Apologies: this blog REALLY needs pictures but sometimes one is too caught up in the activity to make selfies.
Friday was a major storm day. Winds at 30+ gusting to 50…MPH, not Kms/hr. 50 to 80 kms/hr. Our wind turbine was screaming. When the winds exceed 30, the unit has a small centrifugal brake in it that slows the revolutions but it does so by applying gradual friction and that results in what sounds like a dog barking. I awoke to that. Sheesh!
“It’s a howlin’..think the water taxi will run today?”
“Yeah. Forty feet of twin dieseled heavy aluminum cuts through most anything but they won’t go around the Cape. No one will go around the Cape today. They’ll go with the storm, head north and creep back down the back channels. Why?”
“J and I are going up to get the food the taxi is bringing. We are going to help distribute it and then come home. “
I was looking at the whitecaps and feeling the house shake. “It is mayhem out there but, if you go with it, you’ll be fine. Coming back will be a slog. I recommend discretion rather than a shower.”
“Can’t. Jud is coming down from up northways in her little boat….she’s gotta pound into it. And you know her area…..she gets water spouts up there! We should go just to make sure she gets down safely. Still, we may be a bit longer. If it gets crazy, we’ll stay up there somewhere til it calms down.”
They were gone almost three hours. The pick-up point is just two miles away. Getting to the grocery meet was relatively easy but coming back was insane. The waves were at least five feet and, for a 17′ boat, that is a challenge. And they were stacked up so that the space between them was short. Makes the boat leap up and down. One second they are looking down a wave and the next they are thinking they may be blown over backwards. And they are getting soaked.
“We were just off the point when a major gust hit. HOLLEEEEEEEE!!!! The gust was enough to make me stop the boat. I could not see for the spindrift. We were face-washed by waves coming over the bow and we have a good windshield! J was just trying to look out for stray logs so that we didn’t hit one and could barely open her eyes! We were both soaked to the bone. I left the bulk of the groceries at her place. Too much to carry. We can get ’em tomorrow.”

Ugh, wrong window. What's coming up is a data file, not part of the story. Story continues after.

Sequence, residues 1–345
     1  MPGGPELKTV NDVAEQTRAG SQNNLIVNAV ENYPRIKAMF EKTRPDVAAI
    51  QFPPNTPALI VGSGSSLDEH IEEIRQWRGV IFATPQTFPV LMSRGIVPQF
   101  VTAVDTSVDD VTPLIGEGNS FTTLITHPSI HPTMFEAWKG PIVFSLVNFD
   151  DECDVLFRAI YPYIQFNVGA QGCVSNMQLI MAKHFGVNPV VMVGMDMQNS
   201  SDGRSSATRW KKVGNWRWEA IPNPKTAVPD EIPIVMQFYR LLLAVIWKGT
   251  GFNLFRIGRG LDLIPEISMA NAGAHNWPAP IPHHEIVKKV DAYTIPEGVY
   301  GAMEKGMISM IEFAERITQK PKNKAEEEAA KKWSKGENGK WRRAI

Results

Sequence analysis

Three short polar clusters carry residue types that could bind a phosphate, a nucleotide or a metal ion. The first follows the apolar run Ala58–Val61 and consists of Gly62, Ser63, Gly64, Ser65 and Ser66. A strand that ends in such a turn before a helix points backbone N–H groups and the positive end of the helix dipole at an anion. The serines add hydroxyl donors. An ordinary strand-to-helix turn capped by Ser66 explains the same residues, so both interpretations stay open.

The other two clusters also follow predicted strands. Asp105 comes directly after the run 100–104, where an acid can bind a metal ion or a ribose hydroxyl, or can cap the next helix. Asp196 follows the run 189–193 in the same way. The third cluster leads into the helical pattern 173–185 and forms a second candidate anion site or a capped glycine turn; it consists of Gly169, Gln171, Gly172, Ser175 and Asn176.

Good boat. Good company. Short distance (two miles). Took three hours. At least one of them was of hard going. Got soaked. She just went to the store for some milk, bread and a few veggies. Grocery shopping is sometimes a bit different out here.
“Wow! Quite the adventure, eh?”
“Nah. Just a little wind and water. We’ve had worse. Piece o’ cake!”
What happens if you dont show up for the water taxi delivery?
Or can you pay extra to have it delivered closer?
That would have to be arranged in advance and awkward. We could do it but it would also be TOOOOO expensive. Station to station is a reasonable cost and already incorporated into their schedule. Jud came down from her northern island she has a 14′ boat with about 8″ of freeboard. And she pounded into it…even tho she had it following when she went home. Sal had it following getting there and had a hard slog coming back.
It would be safer probably if you had a bigger boat! Don’t you ever worry when Sal is out in that kind of storm in a small boat? And I guess you can’t go overland with your 4×4 to pick up the goods? In any case, I am glad Sal is safe, huge respect, you have a tough lady!
We live on a boat access-only property. The nearest road is a mile away and heads off in the wrong direction. The nearest real road (where two cars could pass) is still a converted logging road and takes on from the south of the island, up the middle to about two thirds up ending at our community dock.
Do I worry about ol’ Sal? I used to worry a lot more but now we are well into forty years on the water employing small dinghies to large yachts. Plus, Sal has always been as close to fearless as anyone I know. She has all the gear save for a survival suit but she is rarely more than 100 feet from shore, knows her boat and knows the seas. Boating is, for us, as ‘normal’ as driving a car.
‘’Piece of cake” or not that damn water is cold! What about going into the water? Overboard? Survival gear? Eight inches of freeboard! Hypothermia ain’t no fun.
The 8″ freeboard description was used to describe J’s boat. Sal was in Pumpkin and P is a normal runabout with 12″ to 16″ of freeboard. Sal was better equipped than J this time.
What survival gear is used?
Wet weather gear, layered over warm clothes (all natural fibers), portable, floating VHF radio. That ‘layered’ thing is huge. Portable and floating ‘walkie-talkie’. Life vest. Small boat operator’s requirements (whistles, flares, heaving line, etc). Flashlights, floats, floating cushions.
Always a worry. The lake can get 4-footers but they aren’t comfortable in our larger 22′ Hewescraft. Sal’s brave, I’m a wimp. – Margy
Well, Sal is brave but fearless is a better word. She chased off two huge Rottweilers who were attacking her dog one time and scared them off after kicking them and yelling. Each dog weighed the same as Sal.
But, but, but…..sometimes lack of fear is also really just a short moment of NOT thinking. We have been in some crazy places due to that naturally occurring phenomena. El Salvador comes to mind. “I wanna go see it! C’mon!”
“But, it is full of crazies and revolutionaries who don’t like Gringos witnessing their drug trades!”
Two weeks later she said: “Unh, ya know, we do not have to stay. I mean, we came, we saw and we have not been killed. That’s good. Maybe now is the time to get to the relative safety of Guatemala.”
“Awww…too bad, I was just getting a good deal from Diego on some AR-15’s. You sure you want to give all this up?”